Anger is elicited when you subconsciously perceive a threat or you “recreate” that threat in your mind when you dwell on a previous event. While it may seem like you have “saved” your anger, in fact, you generate “new” anger every time you revisit the threat. And, if you generate new anger often enough, it is experienced as chronic.

So, what can you do?

Well, if you perceive a valid threat, you can use the energy of your immediate anger to develop and execute a plan to deal with the threat. This is how you master and deploy your anger as a strategic tool. This assumes that you are in a position to directly deal with the threat.

Sometimes, however, as I discovered when I asked many professional women about anger, it is not always possible to directly deal with a threat. This is because there may be unwanted consequences to the direct expression of appropriate anger or you do not have the status to directly deal with the threat. If this is the case, you use the energy of your anger to plan an indirect approach to the threat. You are strategically using your anger but you are not directly expressing it. This is not the same as suppressing your anger which would involve invalidating it and pushing it down inside of you. Suppressing your anger can have both unwanted physical and psychological consequences.

If you experience chronic anger, I suggest you take some time to really look at the unresolved threat you keep reliving and develop a plan to either deal with it or accept that there is nothing you can do about it, forgive the person who hurt you, and get on with your life. Forgiving, by the way, is not absolving this person of responsibility for their actions. Rather, forgiving another person only means that you psychologically remove yourself from, or let go of, that person rather than carry them around with you in your head every where you go.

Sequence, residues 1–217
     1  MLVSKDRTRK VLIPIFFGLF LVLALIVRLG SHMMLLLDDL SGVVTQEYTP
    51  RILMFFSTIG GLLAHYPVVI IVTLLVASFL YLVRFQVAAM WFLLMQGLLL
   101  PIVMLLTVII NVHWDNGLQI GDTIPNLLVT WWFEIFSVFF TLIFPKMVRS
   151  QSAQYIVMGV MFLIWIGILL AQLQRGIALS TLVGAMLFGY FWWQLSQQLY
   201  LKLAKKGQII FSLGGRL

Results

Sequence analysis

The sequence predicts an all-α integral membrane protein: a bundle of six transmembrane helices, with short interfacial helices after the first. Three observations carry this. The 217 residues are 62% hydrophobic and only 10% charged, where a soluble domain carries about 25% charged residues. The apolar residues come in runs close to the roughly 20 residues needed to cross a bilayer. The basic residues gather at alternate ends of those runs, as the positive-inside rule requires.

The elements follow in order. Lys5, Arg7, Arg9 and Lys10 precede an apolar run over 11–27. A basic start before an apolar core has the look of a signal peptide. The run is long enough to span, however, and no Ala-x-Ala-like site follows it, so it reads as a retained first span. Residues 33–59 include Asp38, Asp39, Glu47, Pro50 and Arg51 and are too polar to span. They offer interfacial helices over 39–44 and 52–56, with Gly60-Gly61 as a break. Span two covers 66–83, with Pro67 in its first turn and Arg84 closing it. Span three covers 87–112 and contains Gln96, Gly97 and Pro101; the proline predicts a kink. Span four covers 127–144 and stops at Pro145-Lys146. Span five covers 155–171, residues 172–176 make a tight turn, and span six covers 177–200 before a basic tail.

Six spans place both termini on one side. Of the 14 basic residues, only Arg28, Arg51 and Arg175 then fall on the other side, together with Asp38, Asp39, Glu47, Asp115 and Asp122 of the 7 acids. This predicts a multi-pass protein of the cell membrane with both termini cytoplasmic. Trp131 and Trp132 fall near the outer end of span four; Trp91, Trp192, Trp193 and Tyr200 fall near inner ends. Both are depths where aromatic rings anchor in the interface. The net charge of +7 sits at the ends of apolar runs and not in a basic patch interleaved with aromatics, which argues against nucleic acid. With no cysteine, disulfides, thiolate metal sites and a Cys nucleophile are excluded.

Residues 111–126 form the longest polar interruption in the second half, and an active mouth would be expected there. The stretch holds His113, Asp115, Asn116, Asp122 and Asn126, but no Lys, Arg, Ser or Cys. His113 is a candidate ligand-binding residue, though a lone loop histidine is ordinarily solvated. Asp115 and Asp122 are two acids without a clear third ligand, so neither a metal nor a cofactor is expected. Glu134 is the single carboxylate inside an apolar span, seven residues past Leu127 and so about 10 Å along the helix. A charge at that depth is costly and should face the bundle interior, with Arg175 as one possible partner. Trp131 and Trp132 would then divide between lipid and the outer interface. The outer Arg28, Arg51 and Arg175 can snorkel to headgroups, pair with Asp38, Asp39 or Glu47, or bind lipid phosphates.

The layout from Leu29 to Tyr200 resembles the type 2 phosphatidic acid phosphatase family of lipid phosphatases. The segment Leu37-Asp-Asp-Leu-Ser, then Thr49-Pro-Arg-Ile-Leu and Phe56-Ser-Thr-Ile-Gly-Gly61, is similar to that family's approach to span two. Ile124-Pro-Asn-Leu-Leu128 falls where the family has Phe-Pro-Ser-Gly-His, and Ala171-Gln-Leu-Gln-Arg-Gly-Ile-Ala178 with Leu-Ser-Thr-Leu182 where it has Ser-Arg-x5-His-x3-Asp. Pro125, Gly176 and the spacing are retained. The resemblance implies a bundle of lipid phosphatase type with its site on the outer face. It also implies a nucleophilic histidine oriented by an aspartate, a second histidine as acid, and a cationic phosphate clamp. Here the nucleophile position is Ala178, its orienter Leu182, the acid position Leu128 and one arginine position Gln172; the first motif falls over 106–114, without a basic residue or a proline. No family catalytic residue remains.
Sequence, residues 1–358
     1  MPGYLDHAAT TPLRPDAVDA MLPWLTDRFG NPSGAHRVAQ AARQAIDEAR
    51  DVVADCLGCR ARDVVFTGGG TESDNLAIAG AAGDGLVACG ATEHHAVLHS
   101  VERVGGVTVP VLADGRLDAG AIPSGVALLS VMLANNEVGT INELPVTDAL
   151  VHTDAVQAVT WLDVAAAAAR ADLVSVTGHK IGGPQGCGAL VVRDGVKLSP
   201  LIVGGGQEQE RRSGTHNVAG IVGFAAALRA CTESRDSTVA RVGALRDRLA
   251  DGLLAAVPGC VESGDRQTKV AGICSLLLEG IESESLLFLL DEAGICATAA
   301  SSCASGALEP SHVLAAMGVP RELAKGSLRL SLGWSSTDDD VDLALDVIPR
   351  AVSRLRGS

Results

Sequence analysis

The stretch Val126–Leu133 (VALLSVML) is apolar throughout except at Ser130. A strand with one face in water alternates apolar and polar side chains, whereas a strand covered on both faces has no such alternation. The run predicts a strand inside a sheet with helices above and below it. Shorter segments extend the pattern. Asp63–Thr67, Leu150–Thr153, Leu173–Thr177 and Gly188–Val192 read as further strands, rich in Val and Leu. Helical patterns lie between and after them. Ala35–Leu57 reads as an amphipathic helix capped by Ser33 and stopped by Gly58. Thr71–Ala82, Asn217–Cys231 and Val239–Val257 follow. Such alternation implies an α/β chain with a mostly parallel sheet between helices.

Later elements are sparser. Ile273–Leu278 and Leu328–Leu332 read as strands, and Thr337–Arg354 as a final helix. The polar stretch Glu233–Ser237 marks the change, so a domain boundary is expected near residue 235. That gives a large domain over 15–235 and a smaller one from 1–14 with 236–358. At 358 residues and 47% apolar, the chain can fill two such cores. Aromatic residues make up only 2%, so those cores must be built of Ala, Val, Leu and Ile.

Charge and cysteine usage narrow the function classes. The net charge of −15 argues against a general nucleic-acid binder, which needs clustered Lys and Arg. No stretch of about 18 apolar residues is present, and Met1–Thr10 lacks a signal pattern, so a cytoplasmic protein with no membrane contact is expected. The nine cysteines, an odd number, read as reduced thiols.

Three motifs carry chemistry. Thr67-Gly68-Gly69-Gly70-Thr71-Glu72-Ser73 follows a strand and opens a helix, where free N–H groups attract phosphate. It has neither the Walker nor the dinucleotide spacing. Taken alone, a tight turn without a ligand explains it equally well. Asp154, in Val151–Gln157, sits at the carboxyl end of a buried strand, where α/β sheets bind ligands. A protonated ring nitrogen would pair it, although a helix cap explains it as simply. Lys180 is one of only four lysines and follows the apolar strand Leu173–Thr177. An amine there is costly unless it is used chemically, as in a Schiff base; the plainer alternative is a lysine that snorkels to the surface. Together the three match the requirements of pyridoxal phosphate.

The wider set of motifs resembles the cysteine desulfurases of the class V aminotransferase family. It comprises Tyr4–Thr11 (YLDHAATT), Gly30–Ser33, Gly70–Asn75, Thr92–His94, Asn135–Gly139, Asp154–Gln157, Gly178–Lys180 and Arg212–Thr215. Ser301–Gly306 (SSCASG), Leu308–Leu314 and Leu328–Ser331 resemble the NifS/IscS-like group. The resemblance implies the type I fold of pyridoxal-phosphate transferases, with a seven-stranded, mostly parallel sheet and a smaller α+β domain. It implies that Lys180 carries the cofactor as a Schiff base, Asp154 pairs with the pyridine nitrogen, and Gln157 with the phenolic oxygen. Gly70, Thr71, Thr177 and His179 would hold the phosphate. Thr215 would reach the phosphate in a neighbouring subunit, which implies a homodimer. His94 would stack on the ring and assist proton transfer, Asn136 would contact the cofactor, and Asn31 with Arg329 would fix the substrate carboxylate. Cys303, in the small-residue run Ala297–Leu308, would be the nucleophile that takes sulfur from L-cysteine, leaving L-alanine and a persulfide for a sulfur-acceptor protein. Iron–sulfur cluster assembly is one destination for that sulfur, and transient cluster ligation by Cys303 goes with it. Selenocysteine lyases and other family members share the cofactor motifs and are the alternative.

I worked with young women, all of whom had been physically, sexually, and/or emotionally abused. Forgiving was the only way they could grow psychologically and move on. Again, this is not absolving anyone of responsibility for their actions. Nor, is it forgetting any healthy lessons that one needs to remember from past experiences. Nor, is it putting something in the past and not taking any action in the present to prevent any future actions from taking place. Forgiveness only means that you are no longer negatively impacting yourself regarding a situation you can’t change. If you go to March 2017, in the archives above, you can access a post on forgiveness.

When you forgive another individual, you let go of your anger as there is no immediate threat that you can go to war with and eliminate.  However, as you want to remain alert to any future threat, you could become committed and determined. You may choose to experience the emotion of commitment in that you are determined to never submit yourself to the kinds of threats you experienced in the past.  Determination will motivate you just as much as anger will and it is a more effective and sustainable emotion.

In summary, anger, as an emotion, is situation specific and, while anger energizes and motivates you to fight off a threat, the emotion doesn’t act as a “place holder” and the energy that is generated in your body can’t be saved.

I welcome your comments.